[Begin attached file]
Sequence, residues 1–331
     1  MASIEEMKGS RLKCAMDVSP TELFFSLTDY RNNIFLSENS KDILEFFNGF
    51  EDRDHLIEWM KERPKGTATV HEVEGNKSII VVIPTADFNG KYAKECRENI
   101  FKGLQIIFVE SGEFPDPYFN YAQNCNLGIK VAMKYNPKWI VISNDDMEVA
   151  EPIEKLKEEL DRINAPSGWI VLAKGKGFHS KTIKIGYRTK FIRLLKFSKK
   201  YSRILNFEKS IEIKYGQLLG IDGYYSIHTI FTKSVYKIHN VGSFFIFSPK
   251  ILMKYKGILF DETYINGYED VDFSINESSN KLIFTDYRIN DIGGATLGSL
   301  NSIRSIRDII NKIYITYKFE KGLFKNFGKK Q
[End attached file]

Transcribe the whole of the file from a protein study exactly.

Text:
Sequence, residues 1–331
     1  MASIEEMKGS RLKCAMDVSP TELFFSLTDY RNNIFLSENS KDILEFFNGF
    51  EDRDHLIEWM KERPKGTATV HEVEGNKSII VVIPTADFNG KYAKECRENI
   101  FKGLQIIFVE SGEFPDPYFN YAQNCNLGIK VAMKYNPKWI VISNDDMEVA
   151  EPIEKLKEEL DRINAPSGWI VLAKGKGFHS KTIKIGYRTK FIRLLKFSKK
   201  YSRILNFEKS IEIKYGQLLG IDGYYSIHTI FTKSVYKIHN VGSFFIFSPK
   251  ILMKYKGILF DETYINGYED VDFSINESSN KLIFTDYRIN DIGGATLGSL
   301  NSIRSIRDII NKIYITYKFE KGLFKNFGKK Q